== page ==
SEOUL -- A method developed by Hyundai Engineering & Construction, a major builder affiliated with South Korea's Hyundai auto group, to remove radioactive materials at the site of dismantled nuclear facilities has won state approval for commercialization. Potassium chloride was used as cleaning water to remove cesium, which is one of the most reactive elements. The accumulation of cesium-137 in lakes has been a great concern after the 1986 Chernobyl nuclear disaster in Ukraine.
Hyundai E&C said its technology has won green certification from the Ministry of Environment, paving the way for commercialization. A pilot test using demonstration facilities has been conducted with Korea Hydro & Nuclear Power (KHNP), the state-run operator of domestic nuclear power plants, to evaluate the performance of the builder's technology.
"The acquisition of this green certification laid the foundation for leading a project to restore sites for dismantled nuclear facilities in the future," an unnamed Hyundai E&C official said in a statement on October 13. "Through continuous research and development, we will diversify our nuclear power plant business and establish a solid response system in the nuclear industry."
The dismantlement of hazardous nuclear facilities has caused concerns from environmental activists, as most radioactive materials are adsorbed on fine soil in the form of small particles on a large surface area. The smaller the size of soil particles, the higher the concentration of radioactive materials. The key is to effectively remove adsorbed pollutants by precisely selecting and cleaning soil particles.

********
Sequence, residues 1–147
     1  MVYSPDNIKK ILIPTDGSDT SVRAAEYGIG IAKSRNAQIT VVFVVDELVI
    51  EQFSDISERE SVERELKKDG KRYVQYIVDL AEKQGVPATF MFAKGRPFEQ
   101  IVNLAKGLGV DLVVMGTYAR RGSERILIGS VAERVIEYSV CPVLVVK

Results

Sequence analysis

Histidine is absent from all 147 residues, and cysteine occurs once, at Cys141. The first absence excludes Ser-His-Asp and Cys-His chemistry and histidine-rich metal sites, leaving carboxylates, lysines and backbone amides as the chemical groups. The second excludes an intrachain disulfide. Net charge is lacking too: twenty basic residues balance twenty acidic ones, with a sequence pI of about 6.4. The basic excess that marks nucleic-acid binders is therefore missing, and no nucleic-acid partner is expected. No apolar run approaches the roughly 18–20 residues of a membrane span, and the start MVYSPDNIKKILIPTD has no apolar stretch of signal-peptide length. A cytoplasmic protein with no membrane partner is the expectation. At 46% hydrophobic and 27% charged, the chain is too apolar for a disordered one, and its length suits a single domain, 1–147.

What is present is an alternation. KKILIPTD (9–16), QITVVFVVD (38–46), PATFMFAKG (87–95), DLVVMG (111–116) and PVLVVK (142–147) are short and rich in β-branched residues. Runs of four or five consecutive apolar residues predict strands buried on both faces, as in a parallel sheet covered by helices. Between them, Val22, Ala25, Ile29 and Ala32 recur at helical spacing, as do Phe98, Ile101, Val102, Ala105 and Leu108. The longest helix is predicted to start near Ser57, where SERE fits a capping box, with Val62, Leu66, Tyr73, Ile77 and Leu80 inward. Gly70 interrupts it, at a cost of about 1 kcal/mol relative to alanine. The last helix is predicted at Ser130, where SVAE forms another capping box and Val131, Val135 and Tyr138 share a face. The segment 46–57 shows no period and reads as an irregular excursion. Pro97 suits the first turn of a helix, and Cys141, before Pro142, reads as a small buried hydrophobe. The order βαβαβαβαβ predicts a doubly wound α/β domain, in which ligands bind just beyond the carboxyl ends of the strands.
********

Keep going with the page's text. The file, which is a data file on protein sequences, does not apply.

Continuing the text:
Radioactive waste generated in the process of dismantling nuclear power plants requires a high cost of disposal. Hyundai E&C removed cesium by separating soil contaminated with radioactive substances by particle size and washing them with a potassium chloride solution.
An ion exchange reaction between potassium and cesium was used to separate cesium strongly bonded to clay soil. Cesium in washing water was selectively adsorbed and removed.
South Korea has no experience in dismantling nuclear power plants. In March 2022, Hyundai E&C joined hands with its American partner, Holtec International, to participate in the decommissioning of defunct nuclear power plants, starting with the Indian Point Energy Center in Buchanan in Westchester County.
Indian Point's three-unit nuclear power plant station shut down at the end of April 2021 after 45 years of operation. Holtec's decommissioning plans for Indian Point include moving used nuclear fuel from pools into a dry storage system, and dismantling and packaging highly activated parts from the nuclear reactors in high-capacity containers. With a teaming agreement with Holtec, which specializes in the design and manufacture of parts for nuclear reactors, Hyundai E&C would accumulate technologies.
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